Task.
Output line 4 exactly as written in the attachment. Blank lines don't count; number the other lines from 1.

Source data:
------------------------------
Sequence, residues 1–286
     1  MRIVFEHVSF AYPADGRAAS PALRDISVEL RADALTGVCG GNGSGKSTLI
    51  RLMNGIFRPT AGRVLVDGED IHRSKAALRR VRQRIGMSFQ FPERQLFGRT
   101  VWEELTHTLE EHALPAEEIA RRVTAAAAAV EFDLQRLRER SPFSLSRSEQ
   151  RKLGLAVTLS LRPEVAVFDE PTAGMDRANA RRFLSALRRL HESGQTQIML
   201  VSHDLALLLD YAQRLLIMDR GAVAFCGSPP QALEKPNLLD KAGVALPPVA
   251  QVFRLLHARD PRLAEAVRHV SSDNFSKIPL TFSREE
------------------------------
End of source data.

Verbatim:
   101  VWEELTHTLE EHALPAEEIA RRVTAAAAAV EFDLQRLRER SPFSLSRSEQ